This must be an example of what 60 Minutes correspondent Morley Safer calls “Art Speak”: Jargon-leaden, academic language that attempts to “explain” or “justify” the art’s existence through arcane theory and bloviated postmodernist musings. I have read this sentence four times now and I still do not know what the heck any of these sculptures have to do with an eclipse—or, more importantly, why I should care.
Is it any wonder the art world has become associated with upper-class, “high-brow” sensibilities when artists use impenetrable language like this to describe their work? I have a master’s degree in Communication and I could not tell you what a “natural system” or “catalytic moment” is.
As Shetterly explains in the Truthdig interview, much of the art community’s collective disconnect from pressing social, political or environmental issues is due to its nearly exclusive focus on form, technique and visual aesthetics. This is a modern trend in higher education, particularly in the Humanities departments, wherein professors focus myopically on a book, film or painting’s form and constructive style—so-called “textual analysis”—while ignoring the work’s message, theme or purpose. Shetterly calls this academic approach to art “narcissistic.”
I am not suggesting a painting’s stylistic considerations are unimportant, mind you. But when the form becomes, not a means to an end, but the end itself, the art loses that human connection. Such a work becomes the equivalent of a Quentin Tarantino film, more concerned with cinematic structure, obscurantist homage, and post-structuralist “self-reflexivity” than with any meaningful characters, plot or purpose. (To be fair, I find Tarantino’s films hit-or-miss, with his earlier work surpassing his recent output, though I have not seen Django Unchained.)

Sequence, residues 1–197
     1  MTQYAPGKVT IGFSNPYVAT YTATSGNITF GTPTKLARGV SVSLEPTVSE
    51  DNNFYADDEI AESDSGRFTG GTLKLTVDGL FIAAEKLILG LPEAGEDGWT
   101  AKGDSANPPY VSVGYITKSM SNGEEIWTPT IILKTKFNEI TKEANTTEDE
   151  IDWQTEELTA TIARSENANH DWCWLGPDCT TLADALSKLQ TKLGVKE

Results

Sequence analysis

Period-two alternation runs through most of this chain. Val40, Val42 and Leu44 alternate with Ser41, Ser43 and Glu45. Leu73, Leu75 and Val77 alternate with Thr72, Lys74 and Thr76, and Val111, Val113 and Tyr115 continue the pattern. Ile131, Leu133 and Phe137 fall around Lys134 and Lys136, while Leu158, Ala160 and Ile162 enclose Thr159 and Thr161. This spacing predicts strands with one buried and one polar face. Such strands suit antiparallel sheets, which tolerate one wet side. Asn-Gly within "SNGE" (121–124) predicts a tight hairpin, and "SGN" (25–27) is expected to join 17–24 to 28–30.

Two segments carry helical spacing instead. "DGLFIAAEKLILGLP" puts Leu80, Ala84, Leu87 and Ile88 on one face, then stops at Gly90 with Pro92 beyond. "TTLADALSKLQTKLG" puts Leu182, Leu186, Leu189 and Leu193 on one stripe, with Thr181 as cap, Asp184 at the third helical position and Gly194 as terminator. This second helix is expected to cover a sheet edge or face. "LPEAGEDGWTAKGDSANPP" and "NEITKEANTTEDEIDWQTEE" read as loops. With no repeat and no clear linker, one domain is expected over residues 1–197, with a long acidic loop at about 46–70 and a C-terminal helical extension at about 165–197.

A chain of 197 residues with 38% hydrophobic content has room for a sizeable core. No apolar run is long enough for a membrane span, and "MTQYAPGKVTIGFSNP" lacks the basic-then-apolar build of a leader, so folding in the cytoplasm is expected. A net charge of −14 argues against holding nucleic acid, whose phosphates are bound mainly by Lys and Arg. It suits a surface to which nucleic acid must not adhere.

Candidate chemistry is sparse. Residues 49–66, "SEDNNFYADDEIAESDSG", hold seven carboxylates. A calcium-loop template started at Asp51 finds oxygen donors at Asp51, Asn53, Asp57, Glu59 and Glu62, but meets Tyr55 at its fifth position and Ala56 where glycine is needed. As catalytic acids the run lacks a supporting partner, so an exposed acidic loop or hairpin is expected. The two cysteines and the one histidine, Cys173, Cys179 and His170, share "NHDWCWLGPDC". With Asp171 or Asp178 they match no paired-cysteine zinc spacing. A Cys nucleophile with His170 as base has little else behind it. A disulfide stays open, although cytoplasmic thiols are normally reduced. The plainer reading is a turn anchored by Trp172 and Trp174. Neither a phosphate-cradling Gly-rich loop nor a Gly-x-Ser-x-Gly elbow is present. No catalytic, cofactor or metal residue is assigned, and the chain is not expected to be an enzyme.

Compared to classic, topical works like Pablo Picasso’s “Guernica,” or Diego Rivera’s “Detroit Industry” murals, Glovinki’s kitsch and “Moon Moves (So Slowly)” feel cold, overly cerebral and downright baffling.
|Picasso's "Guernica" was painted in response to the Spanish Civil War.|
The one gem I encountered at First Friday was Natasha Mayers’ series of “World Bankster” postcards. Indeed, hers was the only work with any tangible political theme. Mayers' postcards take national or historic settings (The Statue of Liberty, The White House, etc.) and insert a faceless, suited man. These people, Mayers explains, are the “banksters”—the “predators, profiteers, the moneymen, the global banking cartel.”
“These little paintings,” Mayer goes on in her exhibit profile, “are my comment on capitalism, post-colonialism, globalization, cultural appropriation, cultural authenticity and differences, sexism, etc.” Her work is devoid of art-school theory or obscure language. Just a sobering reflection of our nation as it exists today.
“When art ignores truth it mirrors a society that is unaware of its surroundings," Hedges writes. "Art as happiness is a defense mechanism. It reinforces our desire to live in a vacuum that is free of anguish and responsibility.”